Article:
First is a little wharnie that I started years ago. I wanted to try a high bevel, but my skills at the time weren't up to it.
I grabbed it out of the basket last week, meaning to work on it, with a couple others. I figured one of them would get my attention, and this was the one.
I'm actually satisfied with it. The grind is more of a sabre grind, but I get it flatter with each attempt. The bevel comes within 1/32 of an inch of the spine, although I cheated by filing the ricasso a little.
The second one is a knife/prybar (nearly) matched set. I saw the same thing on Facebook some time ago, and really liked the idea, but wanted to do it myself.
I had a chunk of leftover steel from something else, and eventually realized that if I cut it half the long way, it would do for the set.
Still some work to go, but I haven't messed it up, yet.
Still WIP-ping myself through the knife/prybar set, thing. I'm not done with it, but I'm tired of working on it for now.
I don't know what the hell I'm going to to with the knife, though. I kept seeing this little knife by "Split Cutlery" in image searches. So, I made my own. Yes, there are subtle tweaks, but it's like saying it's not a copy of a Busse, because I didn't drill a hole in the guard.
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I dig them short, I you made one smaller and more keychain sized I carry the crap out of it. I like the raw industrial feel to them.
Thankya. It was a total accident. I've had a bunch of flat stock stored in a damp back room for a couple years, and I didn't feel like grinding out off all the pitting. I like it, and I'm glad you do too!
I would have gotten back to this thread sooner, but I've been working.
This was going to happen anyway, because I love kiridashis, and they are a good way to use the nubs that are too small to make a regular knife out of. I especially wanted to keep some of the pitting on the back end of the bar, so it got a scrubbing with a wire brush, and I called it good.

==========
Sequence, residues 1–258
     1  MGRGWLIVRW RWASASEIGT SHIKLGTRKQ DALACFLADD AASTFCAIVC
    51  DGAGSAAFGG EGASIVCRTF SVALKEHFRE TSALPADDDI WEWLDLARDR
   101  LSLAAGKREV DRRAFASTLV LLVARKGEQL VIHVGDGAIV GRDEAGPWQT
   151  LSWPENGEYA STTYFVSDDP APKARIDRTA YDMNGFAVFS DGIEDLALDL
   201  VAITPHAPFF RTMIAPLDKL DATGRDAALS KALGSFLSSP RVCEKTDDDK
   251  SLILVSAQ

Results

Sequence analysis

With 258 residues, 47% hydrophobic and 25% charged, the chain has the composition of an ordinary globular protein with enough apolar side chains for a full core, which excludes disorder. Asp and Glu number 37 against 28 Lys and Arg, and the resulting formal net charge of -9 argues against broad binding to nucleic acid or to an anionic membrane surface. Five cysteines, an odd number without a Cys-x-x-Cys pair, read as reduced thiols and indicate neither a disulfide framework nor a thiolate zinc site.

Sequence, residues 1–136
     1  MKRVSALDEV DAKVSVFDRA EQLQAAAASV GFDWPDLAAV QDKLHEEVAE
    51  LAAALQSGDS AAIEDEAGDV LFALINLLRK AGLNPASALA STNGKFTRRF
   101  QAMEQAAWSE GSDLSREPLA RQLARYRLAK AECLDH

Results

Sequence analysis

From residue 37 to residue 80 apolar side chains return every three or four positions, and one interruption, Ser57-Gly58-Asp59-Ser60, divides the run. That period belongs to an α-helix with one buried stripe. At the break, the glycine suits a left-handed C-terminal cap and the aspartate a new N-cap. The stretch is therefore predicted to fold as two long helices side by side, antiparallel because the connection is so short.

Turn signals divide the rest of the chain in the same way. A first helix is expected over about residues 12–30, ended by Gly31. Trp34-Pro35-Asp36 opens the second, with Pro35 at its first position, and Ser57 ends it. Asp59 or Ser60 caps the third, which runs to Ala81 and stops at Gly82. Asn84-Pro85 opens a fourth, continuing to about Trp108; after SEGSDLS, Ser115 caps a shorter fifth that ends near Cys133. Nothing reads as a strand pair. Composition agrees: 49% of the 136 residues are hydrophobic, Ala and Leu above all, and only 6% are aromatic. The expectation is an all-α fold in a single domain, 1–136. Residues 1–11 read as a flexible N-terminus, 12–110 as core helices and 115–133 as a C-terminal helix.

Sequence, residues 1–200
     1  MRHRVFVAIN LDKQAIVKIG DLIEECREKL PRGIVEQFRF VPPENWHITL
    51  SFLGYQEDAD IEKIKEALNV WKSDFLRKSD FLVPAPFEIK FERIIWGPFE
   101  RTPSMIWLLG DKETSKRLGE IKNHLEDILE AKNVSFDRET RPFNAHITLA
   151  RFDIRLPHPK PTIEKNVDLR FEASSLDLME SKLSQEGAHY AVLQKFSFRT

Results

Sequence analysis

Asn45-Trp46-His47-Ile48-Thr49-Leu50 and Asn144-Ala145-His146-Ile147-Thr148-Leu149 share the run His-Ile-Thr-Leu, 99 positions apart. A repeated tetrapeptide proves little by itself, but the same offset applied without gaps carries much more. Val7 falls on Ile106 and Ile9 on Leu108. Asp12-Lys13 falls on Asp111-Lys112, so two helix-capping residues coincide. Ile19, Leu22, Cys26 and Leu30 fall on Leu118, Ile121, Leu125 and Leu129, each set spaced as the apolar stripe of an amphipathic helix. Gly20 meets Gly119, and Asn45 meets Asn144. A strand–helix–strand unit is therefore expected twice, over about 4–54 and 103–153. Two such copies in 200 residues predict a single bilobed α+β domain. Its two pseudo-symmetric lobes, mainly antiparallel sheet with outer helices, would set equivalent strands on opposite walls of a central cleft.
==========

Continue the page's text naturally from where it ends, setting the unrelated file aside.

It's hard to photograph exactly how flat the bevels are. I had to check them with a straight edge to find that they are still a little concave. I'm happy with it.
Finally, a pic with some other stuff, to show how small this thing ended up being.
My attempt at a "camp knife". And a departure from my usual emphasis on ergonomics. Heavily influenced by Hellize, although it's also intended to be an attempt at juxtaposing straight lines and curves, to create a design which exists in dynamic tension with itself.
Or some such bullshit. Anyway, here's the knife:
And the drawing, which is a minor revision. It's hard to tell when you're just looking at it on paper, but once I could wrap a hand around a 90% done version, I realized the handle and blade had to be a little wider. I'm basically pleased with it, but minor tweaks were needed.
I actually have been thinking about this in terms of graphic design. I'm a Laconico fanboi, and his knives have the same sort of lines/curves thing going on. I've noticed it in other places too, and it always catches my eye. It's just that when somebody starts talking all artsy-fartsy about it, I think everybody rolls their eyes.
Very large belly on that. What type of grind will you go for?
Convex, at about 25 degrees. The "camp knife" genre is a compromise. It's supposed to be able to chop/baton, and handle closer tasks like feathersticks and skinning. I may go a little lower than that, but I would rather sacrifice slicing ability to keep the edge from getting bitched up!
I made a smaller one with roughly the same pattern. That one is going to have a flat ("scandi") grind, and I have the feeling they will pair well together. May sell them as a set, and see if Revs wants to do a scout-carry sheath for the pair.
Well, I'm not sure exactly what to call this. The big one is going to have the same thing at the choil as the little one, so maybe a picture will help.
Is the small version, and I'm going to grind the big camp knife all the way back, too. That way it can actually do those close-in jobs that a camp knife is supposed to do.
Digressing into knife philosophy, the choil is a feature that I feel is unnecessary about 90% of the time. It does make the knife easier to control. But it takes up real estate that I want to use for other things. Now, you're carrying a bigger knife, and you have to stop and re-grip for some jobs.
Some of this is the responsibility of the knife user (right tool for the job and all that), but it's also the responsibility of the maker. The same extra control you get from choking up on that choil can be there all the time, if you pay a little attention to your handle.